Patañjali (150 BC) is the compiler of the Yoga Sutras, an important collection of aphorisms on Yoga practice, and also the author of the Mahābhāsya, a major commentary on Panini's Ashtadhyayi.
The greatest classical text from the yoga school of Indian philosophy is the Yoga Sutras by Patanjali, written in the second century BC. These "threads" on yoga or union, are extremely terse, stating concisely and often precisely, essential points or techniques. Originally these teachings were oral and were explained and interpreted by commentaries from a teacher guiding the student.
This meditative discipline of liberation is called raja or royal yoga or the yoga of the eight steps, which may be listed as follows:
1. Restraint: nonviolence, not lying, not stealing, not lusting, and nonattachment
2. Observances: cleanliness, contentment, discipline, self-study, and surrender to the Supreme God
3. Posture or physical exercises
4. Breath control
5. Sublimation or withdrawal from the senses
Yoga means Union and the purpose is to teach the practitioner of Yoga, called the Yogi, how to achieve Union or Spiritual Absorption into the Supreme Absolute or God. Yoga teaches us that our true self is the soul and that our self identity is an illusion to be overcome.
These sutras do not go into the specifics of meditation, such as how to sit, what postures are best, etc... because it was assumed this material would be taught by a teacher to a student and that certain basics would be part of the instruction. It is recommended that the reader become familiar with basic meditation techniques and postures before practicing these precepts.
| || CHARAKA |
Charaka, the famous physician of Ayurvedic medicine, lived before 175 BC. In ancient medicine, he is looked upon as an incarnation of Ananthasesha, the giant cosmic serpent, which is believed to support the universe. Charaka Samhita was composed originally by Agnivesha, the disciple of Atreya, who lived around 7th-8th century BC. Charaka Samhita describes the various aspects of Ayurvedic medicine. His work elaborately deals with foetal generation and development, anatomy of the human body, function and malfunction of the body, viz., vayu, pitha and kapha, etiology, classification, prognosis, treatment of various diseases and the science of rejuvenation of the body. Charaka describes all matter including food, as composed of five elemental entities (bhutas), viz., earth, fire, wind and wind and ether. These exist in the body in the form of substances (dhatus), viz., rasa, blood, flesh, fat, bone, marrow and semen. The function of the food is to nourish these dhatus, maintain their equilibrium and sustain the digestive function. Food is first converted into rasa and this in to blood, flesh and dhatus. During the process of digestion, a sweet reaction sets in which gives rise to the production of a foamy phlegm (kapha). A little later, when food is half digested, reactions set in and from the food in the intestine is produced a liquid substance called bile (pitha). Later, down in the intestines, the digested food is converted into a dry mass and during process a bitter and astringent reaction sets in, which gives rise to the production of wind (vayu). Thus, the three doshas are produced. He describes the various categories of the practitioners of healing art, specialization in different medical subjects, nursing care, centers of medical learning, schools of philosophy, such as Nyaya and Vaiseshika which formed the basis of medical theories, medical botany, various customs, traditions, legends, routine of daily life, habits or smoking and drinking, dress and clothing of the people of that era.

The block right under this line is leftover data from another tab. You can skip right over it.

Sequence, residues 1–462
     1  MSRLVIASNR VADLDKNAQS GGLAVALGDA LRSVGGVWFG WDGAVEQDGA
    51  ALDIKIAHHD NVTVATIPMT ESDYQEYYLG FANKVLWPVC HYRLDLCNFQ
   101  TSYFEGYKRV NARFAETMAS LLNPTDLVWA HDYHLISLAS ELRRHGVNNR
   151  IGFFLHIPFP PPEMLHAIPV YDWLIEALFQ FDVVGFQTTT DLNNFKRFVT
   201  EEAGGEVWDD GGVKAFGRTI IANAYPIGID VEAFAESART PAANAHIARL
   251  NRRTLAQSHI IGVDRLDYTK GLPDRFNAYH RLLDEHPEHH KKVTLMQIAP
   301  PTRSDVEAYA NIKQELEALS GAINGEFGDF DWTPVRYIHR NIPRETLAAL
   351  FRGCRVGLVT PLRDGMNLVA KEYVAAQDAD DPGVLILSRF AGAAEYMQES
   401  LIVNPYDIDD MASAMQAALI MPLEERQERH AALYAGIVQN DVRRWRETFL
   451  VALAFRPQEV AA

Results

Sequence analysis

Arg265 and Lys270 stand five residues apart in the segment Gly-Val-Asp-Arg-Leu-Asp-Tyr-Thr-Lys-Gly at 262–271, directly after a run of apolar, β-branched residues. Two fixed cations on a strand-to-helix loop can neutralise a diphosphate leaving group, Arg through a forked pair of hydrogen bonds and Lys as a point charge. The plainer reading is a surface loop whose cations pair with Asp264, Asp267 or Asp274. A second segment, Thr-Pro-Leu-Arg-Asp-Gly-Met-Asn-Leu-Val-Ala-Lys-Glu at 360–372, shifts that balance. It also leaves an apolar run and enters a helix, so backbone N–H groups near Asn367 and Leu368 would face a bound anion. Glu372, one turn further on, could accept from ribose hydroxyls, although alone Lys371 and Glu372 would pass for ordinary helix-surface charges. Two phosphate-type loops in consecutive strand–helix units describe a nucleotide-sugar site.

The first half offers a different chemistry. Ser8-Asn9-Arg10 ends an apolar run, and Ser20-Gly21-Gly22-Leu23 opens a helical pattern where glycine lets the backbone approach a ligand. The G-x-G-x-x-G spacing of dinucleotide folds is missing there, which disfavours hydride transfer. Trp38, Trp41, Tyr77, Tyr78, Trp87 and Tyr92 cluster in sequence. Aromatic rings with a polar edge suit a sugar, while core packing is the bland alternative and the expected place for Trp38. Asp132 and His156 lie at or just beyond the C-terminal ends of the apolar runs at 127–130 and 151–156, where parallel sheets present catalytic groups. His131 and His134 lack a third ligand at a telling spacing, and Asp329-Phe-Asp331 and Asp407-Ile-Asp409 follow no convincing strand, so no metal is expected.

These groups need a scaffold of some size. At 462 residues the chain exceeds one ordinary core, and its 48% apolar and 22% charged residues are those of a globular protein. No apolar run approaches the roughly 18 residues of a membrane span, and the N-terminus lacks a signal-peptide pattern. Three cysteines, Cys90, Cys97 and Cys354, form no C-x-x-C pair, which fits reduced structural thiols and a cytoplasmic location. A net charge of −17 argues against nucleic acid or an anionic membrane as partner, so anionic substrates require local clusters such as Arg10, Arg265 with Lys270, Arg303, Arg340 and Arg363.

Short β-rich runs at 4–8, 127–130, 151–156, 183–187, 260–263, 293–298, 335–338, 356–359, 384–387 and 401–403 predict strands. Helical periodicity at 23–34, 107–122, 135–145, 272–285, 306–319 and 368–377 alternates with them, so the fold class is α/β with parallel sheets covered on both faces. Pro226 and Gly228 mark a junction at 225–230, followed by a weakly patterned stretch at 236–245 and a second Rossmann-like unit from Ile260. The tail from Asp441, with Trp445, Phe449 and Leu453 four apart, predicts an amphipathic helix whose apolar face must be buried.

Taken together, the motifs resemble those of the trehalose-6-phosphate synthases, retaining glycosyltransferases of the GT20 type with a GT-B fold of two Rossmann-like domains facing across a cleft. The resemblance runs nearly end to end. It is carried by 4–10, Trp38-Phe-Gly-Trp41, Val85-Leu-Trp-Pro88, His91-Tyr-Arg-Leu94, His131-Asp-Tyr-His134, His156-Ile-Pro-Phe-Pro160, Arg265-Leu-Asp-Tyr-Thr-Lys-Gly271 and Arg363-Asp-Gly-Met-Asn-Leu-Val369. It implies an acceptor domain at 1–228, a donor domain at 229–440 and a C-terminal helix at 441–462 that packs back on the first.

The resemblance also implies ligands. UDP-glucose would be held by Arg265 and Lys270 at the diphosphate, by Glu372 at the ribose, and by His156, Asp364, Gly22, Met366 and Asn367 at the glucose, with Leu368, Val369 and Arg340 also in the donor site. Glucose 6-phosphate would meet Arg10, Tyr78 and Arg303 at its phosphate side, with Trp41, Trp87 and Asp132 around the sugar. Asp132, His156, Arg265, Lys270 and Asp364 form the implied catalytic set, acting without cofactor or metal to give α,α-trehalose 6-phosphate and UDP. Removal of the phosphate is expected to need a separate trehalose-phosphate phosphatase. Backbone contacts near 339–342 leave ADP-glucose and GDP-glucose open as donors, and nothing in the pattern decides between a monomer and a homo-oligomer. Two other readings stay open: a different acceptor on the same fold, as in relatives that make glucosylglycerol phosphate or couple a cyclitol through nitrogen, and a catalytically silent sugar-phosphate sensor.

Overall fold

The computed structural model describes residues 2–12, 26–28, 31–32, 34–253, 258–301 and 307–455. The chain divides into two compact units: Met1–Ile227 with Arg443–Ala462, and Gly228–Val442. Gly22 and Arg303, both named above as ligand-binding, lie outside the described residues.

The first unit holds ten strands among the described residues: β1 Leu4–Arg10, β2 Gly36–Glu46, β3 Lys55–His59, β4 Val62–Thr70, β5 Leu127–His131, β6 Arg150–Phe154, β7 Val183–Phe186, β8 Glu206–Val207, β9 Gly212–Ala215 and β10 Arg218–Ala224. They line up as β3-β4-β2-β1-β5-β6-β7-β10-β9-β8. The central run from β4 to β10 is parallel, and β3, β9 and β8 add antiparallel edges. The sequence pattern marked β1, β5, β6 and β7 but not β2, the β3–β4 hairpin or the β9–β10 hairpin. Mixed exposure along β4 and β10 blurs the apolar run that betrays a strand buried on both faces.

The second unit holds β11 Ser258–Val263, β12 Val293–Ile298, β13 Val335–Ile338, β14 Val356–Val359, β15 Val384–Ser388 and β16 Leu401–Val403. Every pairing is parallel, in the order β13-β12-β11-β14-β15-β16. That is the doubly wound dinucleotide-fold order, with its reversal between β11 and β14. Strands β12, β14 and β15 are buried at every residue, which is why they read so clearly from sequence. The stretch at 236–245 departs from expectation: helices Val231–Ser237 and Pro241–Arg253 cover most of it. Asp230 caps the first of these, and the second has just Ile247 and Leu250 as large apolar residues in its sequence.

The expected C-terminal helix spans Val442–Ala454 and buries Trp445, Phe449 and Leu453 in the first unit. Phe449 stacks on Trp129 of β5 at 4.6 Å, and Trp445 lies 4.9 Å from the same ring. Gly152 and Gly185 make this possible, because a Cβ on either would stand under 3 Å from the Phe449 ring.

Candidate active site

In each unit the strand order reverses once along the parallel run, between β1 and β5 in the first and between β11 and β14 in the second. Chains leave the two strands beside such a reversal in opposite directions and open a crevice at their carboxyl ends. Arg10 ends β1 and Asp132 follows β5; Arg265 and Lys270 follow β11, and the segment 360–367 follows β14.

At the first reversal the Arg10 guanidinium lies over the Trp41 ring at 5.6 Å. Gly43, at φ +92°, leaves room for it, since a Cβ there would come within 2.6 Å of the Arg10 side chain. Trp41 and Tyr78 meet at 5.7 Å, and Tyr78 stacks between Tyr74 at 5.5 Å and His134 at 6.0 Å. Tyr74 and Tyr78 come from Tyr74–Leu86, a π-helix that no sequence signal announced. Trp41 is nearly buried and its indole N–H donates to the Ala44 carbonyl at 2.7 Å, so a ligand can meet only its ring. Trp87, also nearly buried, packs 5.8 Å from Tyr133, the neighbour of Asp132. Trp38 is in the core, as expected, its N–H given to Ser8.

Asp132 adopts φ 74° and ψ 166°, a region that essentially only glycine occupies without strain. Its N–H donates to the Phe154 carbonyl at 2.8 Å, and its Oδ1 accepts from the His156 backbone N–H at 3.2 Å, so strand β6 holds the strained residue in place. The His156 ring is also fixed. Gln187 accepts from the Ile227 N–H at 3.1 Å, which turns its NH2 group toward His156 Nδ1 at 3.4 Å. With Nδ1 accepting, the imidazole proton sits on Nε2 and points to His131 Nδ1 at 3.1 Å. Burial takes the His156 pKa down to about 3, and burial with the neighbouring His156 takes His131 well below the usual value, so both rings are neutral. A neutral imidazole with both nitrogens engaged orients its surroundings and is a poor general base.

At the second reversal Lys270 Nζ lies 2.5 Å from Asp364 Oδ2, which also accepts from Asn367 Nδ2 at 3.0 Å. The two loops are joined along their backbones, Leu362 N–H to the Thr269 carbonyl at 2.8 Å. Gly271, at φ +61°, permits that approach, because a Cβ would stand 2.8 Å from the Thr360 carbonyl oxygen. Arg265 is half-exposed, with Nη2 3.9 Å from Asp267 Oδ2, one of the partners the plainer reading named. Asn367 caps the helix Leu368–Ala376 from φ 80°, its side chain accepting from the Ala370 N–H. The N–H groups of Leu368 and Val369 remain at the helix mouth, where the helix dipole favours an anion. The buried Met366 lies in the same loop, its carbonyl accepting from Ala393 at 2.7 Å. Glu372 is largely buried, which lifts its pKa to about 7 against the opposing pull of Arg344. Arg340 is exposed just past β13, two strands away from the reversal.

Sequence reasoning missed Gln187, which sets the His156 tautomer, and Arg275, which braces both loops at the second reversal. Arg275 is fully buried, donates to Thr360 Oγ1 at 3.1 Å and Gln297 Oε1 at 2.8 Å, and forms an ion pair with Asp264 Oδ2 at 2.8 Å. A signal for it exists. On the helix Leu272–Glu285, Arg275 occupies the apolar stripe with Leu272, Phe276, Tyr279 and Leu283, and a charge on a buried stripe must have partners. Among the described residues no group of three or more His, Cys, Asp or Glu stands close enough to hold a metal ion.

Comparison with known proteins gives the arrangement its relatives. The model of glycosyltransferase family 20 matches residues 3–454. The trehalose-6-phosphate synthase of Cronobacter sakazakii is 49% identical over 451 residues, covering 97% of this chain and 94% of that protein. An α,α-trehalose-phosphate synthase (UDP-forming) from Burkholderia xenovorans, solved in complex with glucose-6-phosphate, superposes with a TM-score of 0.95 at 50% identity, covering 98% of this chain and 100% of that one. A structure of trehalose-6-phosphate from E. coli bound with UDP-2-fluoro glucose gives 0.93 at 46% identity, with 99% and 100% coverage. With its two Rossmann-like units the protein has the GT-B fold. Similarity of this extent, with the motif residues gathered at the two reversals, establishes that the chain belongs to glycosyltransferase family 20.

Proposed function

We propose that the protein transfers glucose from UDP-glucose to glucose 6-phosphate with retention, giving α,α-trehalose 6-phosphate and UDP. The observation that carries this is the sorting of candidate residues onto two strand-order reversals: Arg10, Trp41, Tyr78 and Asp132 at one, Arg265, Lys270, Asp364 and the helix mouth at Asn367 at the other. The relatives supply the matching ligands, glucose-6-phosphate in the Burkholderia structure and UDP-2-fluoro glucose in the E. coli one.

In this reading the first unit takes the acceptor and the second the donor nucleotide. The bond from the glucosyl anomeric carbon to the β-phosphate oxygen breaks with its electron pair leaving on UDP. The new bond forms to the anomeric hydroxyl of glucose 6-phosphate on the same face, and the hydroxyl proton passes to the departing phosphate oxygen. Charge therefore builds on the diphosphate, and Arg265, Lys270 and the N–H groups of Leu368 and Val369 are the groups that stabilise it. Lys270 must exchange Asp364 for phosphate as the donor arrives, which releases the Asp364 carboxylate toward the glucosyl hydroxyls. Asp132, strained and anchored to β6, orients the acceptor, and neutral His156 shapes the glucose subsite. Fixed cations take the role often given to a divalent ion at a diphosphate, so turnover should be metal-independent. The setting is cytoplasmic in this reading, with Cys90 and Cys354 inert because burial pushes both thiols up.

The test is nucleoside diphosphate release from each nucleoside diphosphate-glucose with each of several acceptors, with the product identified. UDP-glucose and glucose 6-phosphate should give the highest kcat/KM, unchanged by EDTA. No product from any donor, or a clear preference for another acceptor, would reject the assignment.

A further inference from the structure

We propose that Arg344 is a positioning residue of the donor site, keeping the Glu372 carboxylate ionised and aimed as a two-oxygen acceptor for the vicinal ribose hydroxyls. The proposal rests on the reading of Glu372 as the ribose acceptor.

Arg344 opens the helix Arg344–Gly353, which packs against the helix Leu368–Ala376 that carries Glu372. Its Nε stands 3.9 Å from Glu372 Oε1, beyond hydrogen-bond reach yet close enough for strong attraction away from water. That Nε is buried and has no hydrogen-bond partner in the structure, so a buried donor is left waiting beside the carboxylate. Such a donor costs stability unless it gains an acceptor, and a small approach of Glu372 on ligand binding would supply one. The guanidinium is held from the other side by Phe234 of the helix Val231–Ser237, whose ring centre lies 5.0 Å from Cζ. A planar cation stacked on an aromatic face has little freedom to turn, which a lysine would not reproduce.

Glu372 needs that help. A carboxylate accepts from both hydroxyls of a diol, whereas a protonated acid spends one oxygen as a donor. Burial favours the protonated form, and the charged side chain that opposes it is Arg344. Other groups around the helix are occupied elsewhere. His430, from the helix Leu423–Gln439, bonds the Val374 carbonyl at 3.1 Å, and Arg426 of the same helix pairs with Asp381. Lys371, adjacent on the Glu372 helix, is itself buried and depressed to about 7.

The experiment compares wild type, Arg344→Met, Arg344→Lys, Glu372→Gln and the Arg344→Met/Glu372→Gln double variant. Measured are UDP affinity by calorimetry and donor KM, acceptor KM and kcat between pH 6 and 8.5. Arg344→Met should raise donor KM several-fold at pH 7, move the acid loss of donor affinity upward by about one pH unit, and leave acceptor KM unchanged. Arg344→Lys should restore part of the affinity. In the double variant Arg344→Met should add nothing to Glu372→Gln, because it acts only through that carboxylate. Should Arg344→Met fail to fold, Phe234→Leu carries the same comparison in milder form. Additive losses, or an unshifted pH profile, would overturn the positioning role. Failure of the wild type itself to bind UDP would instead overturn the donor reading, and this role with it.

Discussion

| SUSRUTHA |
Susrutha, a descendant of Viswamitra, was the greatest Indian surgeon of all times and identified the treatment and origin of several diseases in the 6th century BC. The medical treatise Sushruta Samhita—compiled in Vedic Sanskrit—is attributed to him. The Sushruta Samhita contains multiple detailed references to diseases and medical procedures. It has been said that Susrutha led a group of holy men and learnt Ayurvedic medicine from Divadosa, the incarnation of Dhanvantari.
Susrutha, as a teacher, asked his pupils to try their knives first on natural as well as artificial objects resembling diseased parts of the body, before undertaking the actual operations. Susrutha stressed on both theoretical and practical training and remarks that "the physician who has only the book - knowledge (Sastras) but is unacquainted with the practical methods of treatment' or who knows the practical details of the treatment but from self confidence, does not study the books, is unfit to practice his calling. His major achievements, however, were in the field of plastic surgery of the nose, operations on the abdomen, on the eyes for cataract, on women during delivery and on the removal of the urinary stones.
Susrutha explained the influence of various seasons on plants and human beings. He classifies the animal kingdom into four. They are (1) those that are born out of moisture and heat, e.g., worms, insects and ants, (2) those with placenta attached to them at birth, e.g., man and other animals (3) those that are born out of egg, e.g., reptiles, birds and (4) those that come out from the ground, e.g., frogs. He classifies the worms that infest the human body into 20 categories.
Susrutha(1000BC)-Father of surgery-
performing plastic surgery of ear.